Source with Care

One of my plant specialists, The Quiet Corner, sent me a disturbing article about the use of Neonics in the horticultural industry. I have never heard of the word. I imagine many of you haven’t either but I personally find it worrying that these pesticides are used on our plants on a daily basis.

This article appeared in the The Organic Way in the Spring/Summer issue 2017 and was written by Judith Conroy.

I quote from this article:

“I am often asked, “what plants can I grow that are good for bees?” There usually follows a lovely conversation about the fascinating relationships between different insects and their favourite blooms. My questioner will often end with “great, I’ll go and find some of those down at the garden centre.” My heart sinks, as having enthused them, I have to explain why this might not be a good idea ….

The fact is that many of the plants for sale in garden centres, supermarkets, farm shops and plant nurseries are treated with a whole range of different chemicals to kill insects, molluscs, fungi and weeds (basically termed pesticides) – but there is no requirement to let the unsuspecting customer know this.

For those of us buying plants with bees and other pollinating insects in mind, NEONICOTINOID insecticides (commonly known as Neonics) give particular cause for concern; though their use in agriculture receives prominent media coverage, their continued use in horticulture is seldom discussed.

Neonics are used as a drench, meaning that the chemical is taken up by the plant and so is present in all its tissues, including, crucially, the pollen and nectar.

Neonics act as neurotoxins, killing insect pests, such as vine weevils and aphids when they eat the plant, but are also proven to be highly toxic to non-target species such as bees who visit them for nectar and pollen.

Neonics have a half-life of up to 300 days in soil, so a potted plant treated four weeks prior to sale could still contain concentrations.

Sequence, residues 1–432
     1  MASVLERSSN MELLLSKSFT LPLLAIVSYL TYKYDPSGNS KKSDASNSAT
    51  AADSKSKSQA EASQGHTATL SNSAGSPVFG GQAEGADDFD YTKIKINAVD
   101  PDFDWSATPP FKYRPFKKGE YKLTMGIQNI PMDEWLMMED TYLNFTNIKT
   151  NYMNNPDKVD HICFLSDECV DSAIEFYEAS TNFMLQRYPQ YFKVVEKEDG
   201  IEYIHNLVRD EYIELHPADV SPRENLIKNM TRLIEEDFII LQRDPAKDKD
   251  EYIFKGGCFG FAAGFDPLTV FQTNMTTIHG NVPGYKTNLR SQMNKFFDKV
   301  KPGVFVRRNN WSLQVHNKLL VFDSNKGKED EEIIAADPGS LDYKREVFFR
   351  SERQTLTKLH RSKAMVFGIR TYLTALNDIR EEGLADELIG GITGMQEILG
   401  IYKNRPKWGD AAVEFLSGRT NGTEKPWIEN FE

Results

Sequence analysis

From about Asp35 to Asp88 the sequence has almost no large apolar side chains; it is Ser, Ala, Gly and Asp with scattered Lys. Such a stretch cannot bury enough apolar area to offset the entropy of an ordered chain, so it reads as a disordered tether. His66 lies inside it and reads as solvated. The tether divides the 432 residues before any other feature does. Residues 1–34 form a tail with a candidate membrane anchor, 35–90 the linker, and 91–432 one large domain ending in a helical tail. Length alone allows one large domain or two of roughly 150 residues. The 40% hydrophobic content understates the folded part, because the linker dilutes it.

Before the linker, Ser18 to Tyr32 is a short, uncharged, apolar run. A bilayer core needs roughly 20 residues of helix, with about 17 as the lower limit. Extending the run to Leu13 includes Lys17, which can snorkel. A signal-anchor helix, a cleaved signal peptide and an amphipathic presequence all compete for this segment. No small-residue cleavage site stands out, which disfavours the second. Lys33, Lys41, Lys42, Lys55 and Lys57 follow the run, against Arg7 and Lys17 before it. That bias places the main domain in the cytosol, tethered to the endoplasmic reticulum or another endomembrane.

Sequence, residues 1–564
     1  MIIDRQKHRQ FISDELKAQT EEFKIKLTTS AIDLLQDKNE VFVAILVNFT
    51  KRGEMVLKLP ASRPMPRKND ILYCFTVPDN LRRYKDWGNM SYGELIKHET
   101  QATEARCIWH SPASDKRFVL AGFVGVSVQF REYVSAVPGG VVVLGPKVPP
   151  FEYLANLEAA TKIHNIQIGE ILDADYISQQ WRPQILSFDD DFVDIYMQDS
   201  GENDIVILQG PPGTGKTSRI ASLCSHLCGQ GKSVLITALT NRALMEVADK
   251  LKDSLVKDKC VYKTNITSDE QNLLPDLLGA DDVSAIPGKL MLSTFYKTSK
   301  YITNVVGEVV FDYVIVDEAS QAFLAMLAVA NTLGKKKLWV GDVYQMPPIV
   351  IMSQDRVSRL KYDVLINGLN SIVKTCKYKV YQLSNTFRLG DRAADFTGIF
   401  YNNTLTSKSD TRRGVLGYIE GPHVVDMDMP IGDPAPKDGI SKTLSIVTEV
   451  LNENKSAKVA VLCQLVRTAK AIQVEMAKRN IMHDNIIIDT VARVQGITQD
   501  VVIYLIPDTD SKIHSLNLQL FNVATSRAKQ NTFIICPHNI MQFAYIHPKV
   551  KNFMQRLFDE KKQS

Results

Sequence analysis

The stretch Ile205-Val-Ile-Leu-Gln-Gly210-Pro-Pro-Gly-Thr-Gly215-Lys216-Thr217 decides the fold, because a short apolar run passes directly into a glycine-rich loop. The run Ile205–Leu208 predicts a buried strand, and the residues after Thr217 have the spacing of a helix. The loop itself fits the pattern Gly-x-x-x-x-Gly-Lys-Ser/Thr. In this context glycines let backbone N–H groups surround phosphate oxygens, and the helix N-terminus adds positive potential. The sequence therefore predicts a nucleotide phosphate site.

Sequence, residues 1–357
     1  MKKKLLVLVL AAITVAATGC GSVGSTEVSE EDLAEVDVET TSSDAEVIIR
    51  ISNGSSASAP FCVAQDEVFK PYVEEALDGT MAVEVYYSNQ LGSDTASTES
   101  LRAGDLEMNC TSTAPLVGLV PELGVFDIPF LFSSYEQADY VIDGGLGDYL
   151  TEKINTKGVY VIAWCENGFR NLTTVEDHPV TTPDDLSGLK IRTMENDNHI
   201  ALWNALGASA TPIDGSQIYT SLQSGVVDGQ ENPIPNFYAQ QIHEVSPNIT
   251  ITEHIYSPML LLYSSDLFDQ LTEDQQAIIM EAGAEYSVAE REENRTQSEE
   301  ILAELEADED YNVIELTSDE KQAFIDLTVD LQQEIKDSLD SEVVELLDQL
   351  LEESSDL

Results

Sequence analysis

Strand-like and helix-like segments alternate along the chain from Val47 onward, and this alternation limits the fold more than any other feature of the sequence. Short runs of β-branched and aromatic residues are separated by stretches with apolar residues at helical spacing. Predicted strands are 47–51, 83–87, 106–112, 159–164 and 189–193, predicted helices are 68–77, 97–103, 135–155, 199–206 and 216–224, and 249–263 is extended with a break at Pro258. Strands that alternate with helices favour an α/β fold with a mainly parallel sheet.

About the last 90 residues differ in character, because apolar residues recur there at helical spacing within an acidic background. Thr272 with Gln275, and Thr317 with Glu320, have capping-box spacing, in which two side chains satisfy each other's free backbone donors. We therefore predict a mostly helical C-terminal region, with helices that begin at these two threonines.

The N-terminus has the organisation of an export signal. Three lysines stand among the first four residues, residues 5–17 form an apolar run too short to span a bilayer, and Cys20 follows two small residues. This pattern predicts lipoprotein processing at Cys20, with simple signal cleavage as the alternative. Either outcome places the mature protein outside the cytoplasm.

So far studies have concentrated on honeybees rather than native pollinators. There has been some research into the effects on bumblebees which seem to be more adversely affected than the honeybees, but virtually no work to assess the impact of neonics on solitary bees.

Other problems arise with neonics leaching into water courses, impacting upon aquatic life and they are also thought to be harmful to birds that feed on contaminated insects.

As public awareness of our declining insect population grows, flowering plants are increasingly promoted for sale with “bee friendly” logos. These labels tell us whether pollinating insects are known to forage on a plant but offer NO guarantees as to how it has been raised. There is no law against putting a logo on a plant that has been treated with neonics and a bee or hoverfly cannot tell whether a flower is laced with insecticide.

Buy organic or grow your own. Ask the plant nurseries who are selling the plants how they treat their plants. There is a growing number of plant nurseries which, despite not having organic certification, are choosing to work to more sustainable principles, encouraging natural pest controllers such as birds, frogs and parasitoid wasps whose populations build when pesticides are not in use.

Ask, ask, ask! One of the most powerful things we can do is to ask. Whether you’re in a large garden centre or a small greengrocer’s and even if you don’t get the answer you want, you will help to raise awareness of the demand for environmentally sustainable plants.

Find out more:

The Organic Gardening Catalogue:

The Independent Plant Nurseries Guide:



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